North Carolina newspapers lose legislative presumption
Passage of a new bill removes a tremendous advantage North Carolina newspapers have enjoyed in Worker's Compensation litigation for nearly two decades.
The bill removes a legislative presumption of independent contractor status for newspaper carriers under the state's Workers' Compensation law.
The presumption was first attacked in 2015, when legislation was introduced into both Houses of the Legislature to not only repeal it, but to add independent contractor "unfriendly" language to the statutory test for independent contractor status. The North Carolina Press Association mobilized to oppose this legislation and a full-court press occurred. On Sept. 29, 2015, the publishers were successful – the bill died at the end of the legislative session.
In 2017, Senate Bill 436 was introduced into the North Carolina Senate to repeal the presumption, but never made it out of the Senate Committee. Shortly thereafter, State Senator Trudy Wade attached the repeal to House Bill 205, which originally only addressed the wages of prison inmates. Added to that bill was the repeal of the legislative presumption, plus a provision containing eight factors that would determine whether an individual is an employee, if all were met.
At the very end of the legislative session on June 28, 2017 – literally at the midnight hour – a modified version of H.B. 205 passed both Houses. The independent contractor presumption that the newspaper industry has enjoyed for the last 20 years was removed. The revised bill did not include the eight points concerning employee/independent contractor status.
There is a reasonable probability that the governor will veto the bill. However, if the bill is signed into law, what does this mean for North Carolina newspaper publishing companies? It means that, for the first time in 20 years, publishing companies will likely face litigation on whether newspaper carriers are independent contractors or employees.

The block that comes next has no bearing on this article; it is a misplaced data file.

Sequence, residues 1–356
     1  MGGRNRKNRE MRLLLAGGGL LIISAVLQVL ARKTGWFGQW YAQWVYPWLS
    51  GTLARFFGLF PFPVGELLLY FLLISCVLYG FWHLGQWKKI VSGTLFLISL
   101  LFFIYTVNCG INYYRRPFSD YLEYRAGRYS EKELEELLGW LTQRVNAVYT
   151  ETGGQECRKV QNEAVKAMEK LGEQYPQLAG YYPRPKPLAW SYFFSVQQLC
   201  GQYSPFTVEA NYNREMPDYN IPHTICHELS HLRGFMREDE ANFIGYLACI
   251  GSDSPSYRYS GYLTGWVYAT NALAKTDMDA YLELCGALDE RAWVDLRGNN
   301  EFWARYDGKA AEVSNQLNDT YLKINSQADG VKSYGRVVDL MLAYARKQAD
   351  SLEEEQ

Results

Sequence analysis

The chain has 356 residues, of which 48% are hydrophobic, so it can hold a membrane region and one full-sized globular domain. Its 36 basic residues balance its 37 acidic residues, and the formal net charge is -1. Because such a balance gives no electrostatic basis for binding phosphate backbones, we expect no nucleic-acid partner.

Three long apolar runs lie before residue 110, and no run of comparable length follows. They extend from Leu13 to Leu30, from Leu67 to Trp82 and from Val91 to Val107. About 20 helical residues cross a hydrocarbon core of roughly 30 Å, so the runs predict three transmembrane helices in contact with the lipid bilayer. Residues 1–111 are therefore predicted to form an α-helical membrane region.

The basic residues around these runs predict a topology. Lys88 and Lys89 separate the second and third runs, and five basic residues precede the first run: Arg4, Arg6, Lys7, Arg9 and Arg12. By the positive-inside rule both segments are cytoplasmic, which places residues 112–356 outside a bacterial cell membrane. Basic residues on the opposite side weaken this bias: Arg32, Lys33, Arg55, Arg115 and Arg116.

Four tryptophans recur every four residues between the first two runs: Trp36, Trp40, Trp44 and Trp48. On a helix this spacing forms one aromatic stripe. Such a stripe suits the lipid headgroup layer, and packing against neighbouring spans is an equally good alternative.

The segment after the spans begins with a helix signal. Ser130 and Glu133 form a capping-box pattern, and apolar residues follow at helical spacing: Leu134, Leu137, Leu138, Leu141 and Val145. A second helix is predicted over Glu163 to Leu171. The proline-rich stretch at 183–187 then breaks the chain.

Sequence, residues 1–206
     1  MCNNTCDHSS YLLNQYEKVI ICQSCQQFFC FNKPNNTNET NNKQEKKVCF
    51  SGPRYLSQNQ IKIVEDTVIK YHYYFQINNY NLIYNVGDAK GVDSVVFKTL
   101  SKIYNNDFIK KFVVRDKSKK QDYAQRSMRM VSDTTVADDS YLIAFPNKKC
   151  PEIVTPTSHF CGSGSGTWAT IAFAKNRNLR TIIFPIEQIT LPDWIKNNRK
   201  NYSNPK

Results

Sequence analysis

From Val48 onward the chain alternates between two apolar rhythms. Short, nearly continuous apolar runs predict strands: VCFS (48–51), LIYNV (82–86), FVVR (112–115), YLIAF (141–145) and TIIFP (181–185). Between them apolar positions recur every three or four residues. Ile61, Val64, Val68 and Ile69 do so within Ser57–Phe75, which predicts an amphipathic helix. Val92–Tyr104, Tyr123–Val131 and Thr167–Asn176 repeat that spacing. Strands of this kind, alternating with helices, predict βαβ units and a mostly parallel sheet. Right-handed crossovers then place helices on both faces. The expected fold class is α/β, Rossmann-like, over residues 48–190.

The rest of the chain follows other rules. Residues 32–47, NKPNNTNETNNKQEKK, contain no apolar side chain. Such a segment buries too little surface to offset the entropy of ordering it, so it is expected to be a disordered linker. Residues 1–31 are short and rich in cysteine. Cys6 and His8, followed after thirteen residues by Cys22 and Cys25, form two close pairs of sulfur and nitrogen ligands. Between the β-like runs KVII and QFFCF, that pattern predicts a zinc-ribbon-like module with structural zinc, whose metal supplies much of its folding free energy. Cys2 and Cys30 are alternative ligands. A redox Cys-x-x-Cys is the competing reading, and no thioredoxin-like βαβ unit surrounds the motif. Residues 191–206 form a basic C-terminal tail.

While the presumption was in effect, there was little – if any – challenge to independent contractor status under the state's Workers' Compensation law. Previously, the legislative presumption had been enough to discourage plaintiffs from bringing cases. The issue is now up for grabs, as there is no longer a burden of proof on the plaintiff to overcome the presumption of independent contractor status.
If your North Carolina publishing company does not already have an incentive to get its independent contractor house in order, losing the legislative presumption should provide extra motivation. The good news is that, if challenged, most publishing companies will be able to prevail on the issue. The bad news is they will have to go through the expensive process of litigation.
I will keep you updated on any new developments.
L. Michael Zinser is the founding partner of The Zinser Law Firm in Nashville, Tenn. The firm, which has a heavy concentration of clients in communications media, represents management in the area of labor and employment. Zinser can be reached at (615) 244-9700 or email@example.com.